At the end of the lesson I shared my thoughts with them and told them:

“ Today I decided not to teach you anything in the same direct way I many times do. Instead I let you explore and just wander around asking you questions of how could you throw or jump further to get you thinking and acting. Some of you created your own games, challenged yourselves and had fun. Some of you chose to be lazy and pretended to do something when I looked at you.

Hopefully you are starting to learn that you own your learning, is not what I ask you to do, is what you want to achieve that will make you get better by failing, trying again and not giving up.”

I am looking forward to tomorrow and hopefully seeing learners engaging each other and trying new events out.

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Old Habits Die Hard

Making Good Humans

I haven’t always been the type of teacher I am today. When I think back to my first few years in education, I can admit that I was a super ‘teachery teacher’. Behaviour charts, staying in at recess, rewards&punishments, worksheets, tests… you name it, I did. If you walked by my class you would have seen students silent and on-task – not because they were engaged, because I used me authority and control to illicit compliance.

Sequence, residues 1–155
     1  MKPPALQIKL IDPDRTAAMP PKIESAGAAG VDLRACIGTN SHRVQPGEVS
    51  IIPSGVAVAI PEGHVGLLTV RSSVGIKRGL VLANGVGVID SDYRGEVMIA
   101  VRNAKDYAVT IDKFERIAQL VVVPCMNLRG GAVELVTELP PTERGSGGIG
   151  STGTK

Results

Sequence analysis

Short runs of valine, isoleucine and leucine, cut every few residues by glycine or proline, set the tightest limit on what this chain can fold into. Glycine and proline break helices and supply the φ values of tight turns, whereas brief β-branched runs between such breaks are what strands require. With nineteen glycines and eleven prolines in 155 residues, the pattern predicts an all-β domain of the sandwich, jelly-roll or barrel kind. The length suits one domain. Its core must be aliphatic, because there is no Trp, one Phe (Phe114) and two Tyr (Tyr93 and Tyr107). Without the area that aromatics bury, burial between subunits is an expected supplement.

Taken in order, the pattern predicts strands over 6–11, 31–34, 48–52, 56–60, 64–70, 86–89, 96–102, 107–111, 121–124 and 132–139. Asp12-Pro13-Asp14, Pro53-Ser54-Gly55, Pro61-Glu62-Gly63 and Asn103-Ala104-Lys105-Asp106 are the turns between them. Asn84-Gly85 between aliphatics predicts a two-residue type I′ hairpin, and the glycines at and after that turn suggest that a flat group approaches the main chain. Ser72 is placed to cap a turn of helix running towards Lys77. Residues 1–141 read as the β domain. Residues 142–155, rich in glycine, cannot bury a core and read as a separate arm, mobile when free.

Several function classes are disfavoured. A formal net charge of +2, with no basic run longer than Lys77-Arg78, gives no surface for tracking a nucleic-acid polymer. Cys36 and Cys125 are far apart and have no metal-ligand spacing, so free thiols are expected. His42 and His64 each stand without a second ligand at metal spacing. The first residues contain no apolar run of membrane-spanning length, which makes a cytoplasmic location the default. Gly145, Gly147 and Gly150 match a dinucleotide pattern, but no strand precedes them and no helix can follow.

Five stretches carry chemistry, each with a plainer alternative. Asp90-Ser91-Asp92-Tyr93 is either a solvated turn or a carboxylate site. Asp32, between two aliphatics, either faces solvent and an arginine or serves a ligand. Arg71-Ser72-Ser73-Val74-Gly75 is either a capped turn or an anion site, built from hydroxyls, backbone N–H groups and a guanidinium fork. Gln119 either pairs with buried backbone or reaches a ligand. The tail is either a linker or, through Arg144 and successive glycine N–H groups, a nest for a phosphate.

Over the years I have learned, unlearned and re-learned and as a result transformed into a teacher who now values student agency above all else.

… but every now and then, the old me creeps back in.

Yeaterday was a perfect example:

We are smack dab in the middle of a Unit of Inquiry about how scientific thinking can help us understand humans. At this stage in the unit we were using an “unconference”…

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Showing Understanding of Concepts in Invasion Games

Learners in Grade 5 have been exposed to new concepts in invasion games.

They played small basketball games where they learned that in order to keep the possession of the ball, they had to:

 Run into space

– Create space

– Use safe pass lanes

– Use the correct pass

In addition to playing the games, G5 students showed their understanding of the new concepts by recording their thoughts using a free app called CoachNote (basketball) on the iPads.